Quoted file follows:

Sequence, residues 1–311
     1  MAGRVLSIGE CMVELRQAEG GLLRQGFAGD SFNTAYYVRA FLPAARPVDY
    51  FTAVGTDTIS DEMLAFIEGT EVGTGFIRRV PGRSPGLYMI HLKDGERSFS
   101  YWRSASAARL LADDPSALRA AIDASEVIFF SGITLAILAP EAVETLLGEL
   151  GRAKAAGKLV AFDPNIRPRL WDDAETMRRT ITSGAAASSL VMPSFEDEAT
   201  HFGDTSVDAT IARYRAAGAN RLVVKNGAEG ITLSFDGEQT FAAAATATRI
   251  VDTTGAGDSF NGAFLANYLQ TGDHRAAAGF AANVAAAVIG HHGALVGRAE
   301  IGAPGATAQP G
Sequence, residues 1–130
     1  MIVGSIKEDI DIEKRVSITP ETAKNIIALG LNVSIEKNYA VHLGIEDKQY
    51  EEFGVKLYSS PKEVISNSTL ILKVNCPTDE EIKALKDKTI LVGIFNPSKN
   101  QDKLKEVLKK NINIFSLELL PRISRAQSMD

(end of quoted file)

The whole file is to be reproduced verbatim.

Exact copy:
Sequence, residues 1–311
     1  MAGRVLSIGE CMVELRQAEG GLLRQGFAGD SFNTAYYVRA FLPAARPVDY
    51  FTAVGTDTIS DEMLAFIEGT EVGTGFIRRV PGRSPGLYMI HLKDGERSFS
   101  YWRSASAARL LADDPSALRA AIDASEVIFF SGITLAILAP EAVETLLGEL
   151  GRAKAAGKLV AFDPNIRPRL WDDAETMRRT ITSGAAASSL VMPSFEDEAT
   201  HFGDTSVDAT IARYRAAGAN RLVVKNGAEG ITLSFDGEQT FAAAATATRI
   251  VDTTGAGDSF NGAFLANYLQ TGDHRAAAGF AANVAAAVIG HHGALVGRAE
   301  IGAPGATAQP G
Sequence, residues 1–130
     1  MIVGSIKEDI DIEKRVSITP ETAKNIIALG LNVSIEKNYA VHLGIEDKQY
    51  EEFGVKLYSS PKEVISNSTL ILKVNCPTDE EIKALKDKTI LVGIFNPSKN
   101  QDKLKEVLKK NINIFSLELL PRISRAQSMD